By Robert Martin Photo Credit: Natasha Peterson / Corleve
In what many considered a clash of the titans between World No. 1 Novak Djokovic and the last man to beat him in a grand slam, Roger Federer went above and beyond all expectations. After nearly four hours, Djokovic’s constant pounding of the Federer backhand would lead to a 6-7 (7), 4-6, 6-3, 6-2, 7-5 victory.
After the match was delayed close to an hour due to rain, the two titans gave the crowd a show from the first ball. Based on almost every stat imaginable, Federer lost the first set, hitting fewer winners and more errors than his opponent, but managed to take it in a close tiebreak. The players traded service holds throughout with each player unable to earn a break chance.
The second set was much of the same from both players, with Federer stepping up his level of offense, hitting 13 winners and earning two breaks of serve. Djokovic played a steady second set, but had trouble on his second serve, losing eight of 12 points, but did convert his only break point of the set to keep some momentum heading into the pivotal third set.
One of the best closers in history, Roger Federer lost for the first time in a Grand Slam after holding a sets-to-none lead at Wimbledon when Jo-Wilfried Tsonga accomplished the monumental feat. Federer had no mind to allow the same thing to happen in consecutive majors, but Djokovic climbed his way to No. 1 with his relentless game.
Those same ruthless groundstrokes from the Serb began to repeatedly pound the backhand side of Federer, who saw a greater number of errors creep into his game as Djokovic buckled his own game down. The 16-time champion was broken early in the set and was unable to make a dent in the serve of Djokovic, winning only four points on return.
The fourth set saw the disparity between the two players grow to even greater proportions as the Serb immediately broke serve in the first game and never looked back. He would add a second break to go up 4-1 before finishing off the set as a tired looking Federer contributed 12 unforced errors to Djokovic, who committed only two of his own.
As the fourth set wore on, the energy of Federer appeared to wane, leaving many questioning whether he would have enough left in the tank to challenge in the fifth set. He was having trouble keeping the ball in the court, hitting numerous routine forehands off the frame, handing point after point to the man who has been nearly unbeatable all year.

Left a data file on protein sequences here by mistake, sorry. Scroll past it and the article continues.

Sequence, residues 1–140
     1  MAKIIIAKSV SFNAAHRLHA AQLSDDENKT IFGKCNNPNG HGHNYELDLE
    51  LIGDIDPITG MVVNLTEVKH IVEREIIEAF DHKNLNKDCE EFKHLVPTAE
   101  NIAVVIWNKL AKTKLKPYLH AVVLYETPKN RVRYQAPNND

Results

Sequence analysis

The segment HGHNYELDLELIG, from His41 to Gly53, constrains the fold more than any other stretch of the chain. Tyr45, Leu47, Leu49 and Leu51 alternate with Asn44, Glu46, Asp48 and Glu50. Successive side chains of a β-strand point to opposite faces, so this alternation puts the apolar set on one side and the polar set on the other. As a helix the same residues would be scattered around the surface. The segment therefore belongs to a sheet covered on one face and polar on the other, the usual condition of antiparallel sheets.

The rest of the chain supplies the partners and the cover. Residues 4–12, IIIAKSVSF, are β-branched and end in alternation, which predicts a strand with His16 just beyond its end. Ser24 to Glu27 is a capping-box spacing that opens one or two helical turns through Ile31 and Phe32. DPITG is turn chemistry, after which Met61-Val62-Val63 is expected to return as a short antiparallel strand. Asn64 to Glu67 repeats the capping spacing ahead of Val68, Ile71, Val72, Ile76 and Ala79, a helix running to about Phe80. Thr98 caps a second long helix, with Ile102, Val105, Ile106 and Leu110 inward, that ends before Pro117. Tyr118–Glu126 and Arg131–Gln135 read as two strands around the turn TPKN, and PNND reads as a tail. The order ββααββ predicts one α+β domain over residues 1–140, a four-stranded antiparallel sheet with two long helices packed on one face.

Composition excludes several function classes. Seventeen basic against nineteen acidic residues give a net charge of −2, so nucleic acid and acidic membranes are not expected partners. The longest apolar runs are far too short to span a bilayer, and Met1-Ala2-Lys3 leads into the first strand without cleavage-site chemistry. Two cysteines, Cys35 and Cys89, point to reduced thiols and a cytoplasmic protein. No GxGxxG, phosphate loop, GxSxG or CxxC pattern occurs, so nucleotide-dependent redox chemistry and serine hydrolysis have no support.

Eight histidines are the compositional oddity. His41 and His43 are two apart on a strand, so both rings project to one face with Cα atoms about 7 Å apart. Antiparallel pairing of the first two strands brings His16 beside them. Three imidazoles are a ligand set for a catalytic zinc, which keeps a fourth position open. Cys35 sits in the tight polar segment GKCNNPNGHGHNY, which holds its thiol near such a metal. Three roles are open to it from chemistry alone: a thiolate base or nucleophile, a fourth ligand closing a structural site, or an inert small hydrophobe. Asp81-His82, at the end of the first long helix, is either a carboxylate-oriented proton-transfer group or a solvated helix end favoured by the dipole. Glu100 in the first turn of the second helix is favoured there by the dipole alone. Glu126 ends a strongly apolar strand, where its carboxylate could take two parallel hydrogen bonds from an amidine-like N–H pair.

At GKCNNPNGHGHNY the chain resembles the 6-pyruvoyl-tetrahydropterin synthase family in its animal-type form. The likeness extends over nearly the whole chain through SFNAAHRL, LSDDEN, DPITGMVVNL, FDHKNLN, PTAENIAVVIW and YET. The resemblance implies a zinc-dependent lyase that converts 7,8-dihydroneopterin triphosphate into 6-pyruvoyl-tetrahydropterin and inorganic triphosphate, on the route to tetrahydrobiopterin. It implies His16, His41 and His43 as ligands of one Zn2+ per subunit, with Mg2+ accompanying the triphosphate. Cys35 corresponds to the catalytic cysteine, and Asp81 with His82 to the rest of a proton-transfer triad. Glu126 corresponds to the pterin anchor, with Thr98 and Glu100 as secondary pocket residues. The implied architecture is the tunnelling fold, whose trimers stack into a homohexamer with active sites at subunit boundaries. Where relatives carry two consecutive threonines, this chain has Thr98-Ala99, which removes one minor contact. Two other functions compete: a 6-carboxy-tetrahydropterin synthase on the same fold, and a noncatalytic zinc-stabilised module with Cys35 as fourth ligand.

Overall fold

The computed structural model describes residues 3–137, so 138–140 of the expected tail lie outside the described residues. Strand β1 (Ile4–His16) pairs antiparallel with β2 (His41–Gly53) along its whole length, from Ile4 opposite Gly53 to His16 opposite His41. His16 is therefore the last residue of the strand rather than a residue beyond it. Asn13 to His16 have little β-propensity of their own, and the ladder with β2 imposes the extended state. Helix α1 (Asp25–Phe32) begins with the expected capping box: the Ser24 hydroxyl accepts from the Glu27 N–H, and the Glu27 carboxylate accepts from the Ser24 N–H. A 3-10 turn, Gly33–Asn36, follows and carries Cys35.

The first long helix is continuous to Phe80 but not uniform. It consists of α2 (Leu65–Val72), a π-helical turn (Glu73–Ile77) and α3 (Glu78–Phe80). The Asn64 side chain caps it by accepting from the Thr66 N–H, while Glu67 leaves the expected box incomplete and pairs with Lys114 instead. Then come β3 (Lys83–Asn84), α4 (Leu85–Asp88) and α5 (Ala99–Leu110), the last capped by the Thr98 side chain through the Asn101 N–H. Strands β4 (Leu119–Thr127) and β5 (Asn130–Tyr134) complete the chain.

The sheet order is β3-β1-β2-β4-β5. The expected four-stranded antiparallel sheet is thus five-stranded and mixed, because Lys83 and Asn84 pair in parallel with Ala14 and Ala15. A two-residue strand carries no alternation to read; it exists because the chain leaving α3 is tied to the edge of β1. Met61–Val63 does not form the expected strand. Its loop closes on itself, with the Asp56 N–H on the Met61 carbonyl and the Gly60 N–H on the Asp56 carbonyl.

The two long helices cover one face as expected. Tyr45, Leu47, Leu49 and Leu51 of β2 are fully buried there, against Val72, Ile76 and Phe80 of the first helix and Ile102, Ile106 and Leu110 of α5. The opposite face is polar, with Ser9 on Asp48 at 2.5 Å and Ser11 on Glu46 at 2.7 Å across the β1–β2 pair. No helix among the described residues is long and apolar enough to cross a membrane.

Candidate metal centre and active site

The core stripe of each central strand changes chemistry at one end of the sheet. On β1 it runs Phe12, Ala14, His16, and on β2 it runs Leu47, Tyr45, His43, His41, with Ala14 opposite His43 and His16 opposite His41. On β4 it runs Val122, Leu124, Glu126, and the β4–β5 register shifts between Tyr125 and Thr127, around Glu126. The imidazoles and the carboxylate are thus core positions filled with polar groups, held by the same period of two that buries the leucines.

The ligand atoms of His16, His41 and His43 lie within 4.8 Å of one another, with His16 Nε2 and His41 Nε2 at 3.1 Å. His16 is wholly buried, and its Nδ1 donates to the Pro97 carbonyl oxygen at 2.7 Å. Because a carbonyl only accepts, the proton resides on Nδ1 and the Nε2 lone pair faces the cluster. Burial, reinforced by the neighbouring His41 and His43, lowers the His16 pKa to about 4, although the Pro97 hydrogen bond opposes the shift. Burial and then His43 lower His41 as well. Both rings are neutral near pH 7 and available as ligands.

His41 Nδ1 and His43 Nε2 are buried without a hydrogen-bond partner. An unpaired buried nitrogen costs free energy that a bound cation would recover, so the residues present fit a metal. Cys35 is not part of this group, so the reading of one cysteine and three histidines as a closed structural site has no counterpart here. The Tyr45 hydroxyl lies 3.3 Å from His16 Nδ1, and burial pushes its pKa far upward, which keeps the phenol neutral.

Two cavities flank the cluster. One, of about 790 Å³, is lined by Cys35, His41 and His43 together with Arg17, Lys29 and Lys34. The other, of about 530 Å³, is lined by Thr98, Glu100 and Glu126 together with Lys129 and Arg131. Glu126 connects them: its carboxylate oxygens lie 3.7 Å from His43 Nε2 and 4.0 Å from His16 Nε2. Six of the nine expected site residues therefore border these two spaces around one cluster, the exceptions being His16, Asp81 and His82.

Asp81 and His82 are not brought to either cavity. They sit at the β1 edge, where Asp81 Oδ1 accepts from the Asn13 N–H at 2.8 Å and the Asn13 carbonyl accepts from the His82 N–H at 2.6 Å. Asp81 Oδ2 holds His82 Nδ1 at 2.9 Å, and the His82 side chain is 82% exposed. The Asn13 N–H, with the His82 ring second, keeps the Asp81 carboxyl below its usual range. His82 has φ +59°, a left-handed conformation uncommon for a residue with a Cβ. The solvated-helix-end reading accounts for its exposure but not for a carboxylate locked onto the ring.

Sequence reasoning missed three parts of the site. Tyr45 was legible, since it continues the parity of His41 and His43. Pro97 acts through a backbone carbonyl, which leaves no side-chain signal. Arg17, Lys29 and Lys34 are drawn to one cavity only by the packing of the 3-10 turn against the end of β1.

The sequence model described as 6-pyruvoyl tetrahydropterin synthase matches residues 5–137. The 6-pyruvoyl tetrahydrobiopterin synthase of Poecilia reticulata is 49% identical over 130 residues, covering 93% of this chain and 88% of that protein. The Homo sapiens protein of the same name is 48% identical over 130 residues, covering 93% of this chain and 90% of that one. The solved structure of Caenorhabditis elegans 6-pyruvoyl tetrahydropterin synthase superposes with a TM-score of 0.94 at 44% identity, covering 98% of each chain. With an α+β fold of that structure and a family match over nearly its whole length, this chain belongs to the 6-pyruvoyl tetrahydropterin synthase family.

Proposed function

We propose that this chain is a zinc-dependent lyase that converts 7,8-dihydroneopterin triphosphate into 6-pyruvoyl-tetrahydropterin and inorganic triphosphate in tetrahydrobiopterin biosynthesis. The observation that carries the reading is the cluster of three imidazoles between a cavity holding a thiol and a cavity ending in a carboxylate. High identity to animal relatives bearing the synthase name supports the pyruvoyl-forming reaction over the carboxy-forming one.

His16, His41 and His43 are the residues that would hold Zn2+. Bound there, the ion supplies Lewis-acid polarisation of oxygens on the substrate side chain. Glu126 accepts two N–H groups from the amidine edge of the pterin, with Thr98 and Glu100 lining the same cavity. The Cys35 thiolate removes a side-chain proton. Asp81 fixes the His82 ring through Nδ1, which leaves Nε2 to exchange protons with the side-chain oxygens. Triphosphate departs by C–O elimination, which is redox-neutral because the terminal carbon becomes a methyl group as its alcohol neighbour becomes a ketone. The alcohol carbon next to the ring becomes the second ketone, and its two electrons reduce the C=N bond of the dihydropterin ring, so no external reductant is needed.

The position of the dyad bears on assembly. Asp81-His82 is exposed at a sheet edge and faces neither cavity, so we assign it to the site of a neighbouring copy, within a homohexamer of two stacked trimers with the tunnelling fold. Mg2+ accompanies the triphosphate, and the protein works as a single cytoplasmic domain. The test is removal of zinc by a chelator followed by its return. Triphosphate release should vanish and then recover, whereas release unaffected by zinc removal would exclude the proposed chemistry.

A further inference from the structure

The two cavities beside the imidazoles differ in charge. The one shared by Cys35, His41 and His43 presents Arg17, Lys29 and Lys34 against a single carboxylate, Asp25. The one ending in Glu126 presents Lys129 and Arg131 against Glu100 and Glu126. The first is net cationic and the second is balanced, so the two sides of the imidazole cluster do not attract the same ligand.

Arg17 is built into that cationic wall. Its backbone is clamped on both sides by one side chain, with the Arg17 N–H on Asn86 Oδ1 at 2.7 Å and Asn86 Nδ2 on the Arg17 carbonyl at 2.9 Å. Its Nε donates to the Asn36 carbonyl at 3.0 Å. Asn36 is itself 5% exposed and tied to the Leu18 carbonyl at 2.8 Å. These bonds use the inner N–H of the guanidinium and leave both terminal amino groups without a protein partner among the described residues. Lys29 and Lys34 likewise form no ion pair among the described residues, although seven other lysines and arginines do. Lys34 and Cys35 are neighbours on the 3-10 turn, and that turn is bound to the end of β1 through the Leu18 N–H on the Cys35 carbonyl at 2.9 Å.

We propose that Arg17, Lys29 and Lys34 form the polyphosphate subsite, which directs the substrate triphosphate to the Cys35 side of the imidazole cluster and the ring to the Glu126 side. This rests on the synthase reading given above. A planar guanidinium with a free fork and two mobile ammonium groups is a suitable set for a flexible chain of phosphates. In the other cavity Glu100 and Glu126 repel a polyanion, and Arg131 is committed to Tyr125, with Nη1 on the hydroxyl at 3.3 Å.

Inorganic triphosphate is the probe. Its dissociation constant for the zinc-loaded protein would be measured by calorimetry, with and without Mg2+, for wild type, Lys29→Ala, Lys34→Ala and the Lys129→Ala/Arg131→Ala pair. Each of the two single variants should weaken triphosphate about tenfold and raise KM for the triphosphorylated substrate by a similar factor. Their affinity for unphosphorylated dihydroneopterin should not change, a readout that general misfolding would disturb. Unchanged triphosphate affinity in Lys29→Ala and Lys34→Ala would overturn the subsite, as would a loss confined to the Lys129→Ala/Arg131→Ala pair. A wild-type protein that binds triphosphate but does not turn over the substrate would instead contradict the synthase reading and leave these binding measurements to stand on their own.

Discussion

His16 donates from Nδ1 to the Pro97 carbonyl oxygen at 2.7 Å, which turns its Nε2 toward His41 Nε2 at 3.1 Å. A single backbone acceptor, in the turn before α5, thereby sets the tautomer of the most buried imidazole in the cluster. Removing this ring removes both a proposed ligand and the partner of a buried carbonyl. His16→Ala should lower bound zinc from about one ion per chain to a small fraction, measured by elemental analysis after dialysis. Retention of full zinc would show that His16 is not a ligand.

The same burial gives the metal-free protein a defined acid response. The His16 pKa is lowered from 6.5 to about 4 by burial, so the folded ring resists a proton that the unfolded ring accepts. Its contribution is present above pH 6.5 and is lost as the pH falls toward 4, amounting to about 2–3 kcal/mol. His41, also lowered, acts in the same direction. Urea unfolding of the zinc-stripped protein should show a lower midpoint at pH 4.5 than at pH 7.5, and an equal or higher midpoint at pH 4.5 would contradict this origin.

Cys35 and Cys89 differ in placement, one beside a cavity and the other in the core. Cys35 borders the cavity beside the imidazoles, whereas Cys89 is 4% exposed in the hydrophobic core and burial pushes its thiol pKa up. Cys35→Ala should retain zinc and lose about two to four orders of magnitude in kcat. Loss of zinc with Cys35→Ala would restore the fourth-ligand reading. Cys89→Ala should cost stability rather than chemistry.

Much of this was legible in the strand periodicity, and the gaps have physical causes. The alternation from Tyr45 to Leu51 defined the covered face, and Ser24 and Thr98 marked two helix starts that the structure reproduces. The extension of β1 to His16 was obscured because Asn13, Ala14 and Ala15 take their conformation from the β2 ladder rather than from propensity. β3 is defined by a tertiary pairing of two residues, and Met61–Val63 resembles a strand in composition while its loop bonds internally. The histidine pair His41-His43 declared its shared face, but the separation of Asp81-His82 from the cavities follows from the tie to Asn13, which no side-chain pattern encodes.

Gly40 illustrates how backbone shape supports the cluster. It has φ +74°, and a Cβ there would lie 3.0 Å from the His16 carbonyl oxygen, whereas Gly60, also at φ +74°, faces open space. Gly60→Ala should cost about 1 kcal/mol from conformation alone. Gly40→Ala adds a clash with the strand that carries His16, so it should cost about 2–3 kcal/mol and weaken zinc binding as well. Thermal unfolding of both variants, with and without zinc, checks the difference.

The fifth set could only be described as a microcosm of the entire match. The set started out with easy holds for both players before Federer jumped on his break chance to jump ahead of Djokovic. The Swiss Maestro saw his first match point at 5-3, 40-15, but Djokovic went for broke and connected with a screaming forehand return winner.
After the match, Federer could only say, "Yeah, I had it. There's no more I could do. Snaps one shot, and then the whole thing changes." After being asked about the shot again and again, Federer was reduced to simply saying, "Just being down 5‑2 in the third, and they all just start slapping shots. It all goes in for some reason, because that's the kind of way they grew up playing when they were down."
After saving another match point with his solid ground game, Djokovic earned the break back when Federer hit a second serve millimeters long, handing the break back. After a relatively easy hold, the pressure was back on Federer to force Djokovic to serve to force a deciding tiebreak.
It was in those final moments, the footwork of Federer began to slow just a bit, and Djokovic relentlessly pounded groundstrokes into the backhand side, forcing repeated errors and earning his second break and the opportunity to serve for the match. With the crowd cheering at every point, Djokovic pushed through to close out the match.
For the second straight slam, and only the second time in his career, Federer was unable to close after leading by two sets. The result means that Federer will fail to capture at least one grand slam title for the first year since 2002. Djokovic will attempt to win his third grand slam of the year on Monday when he takes on the winner of Andy Murray and Rafael Nadal.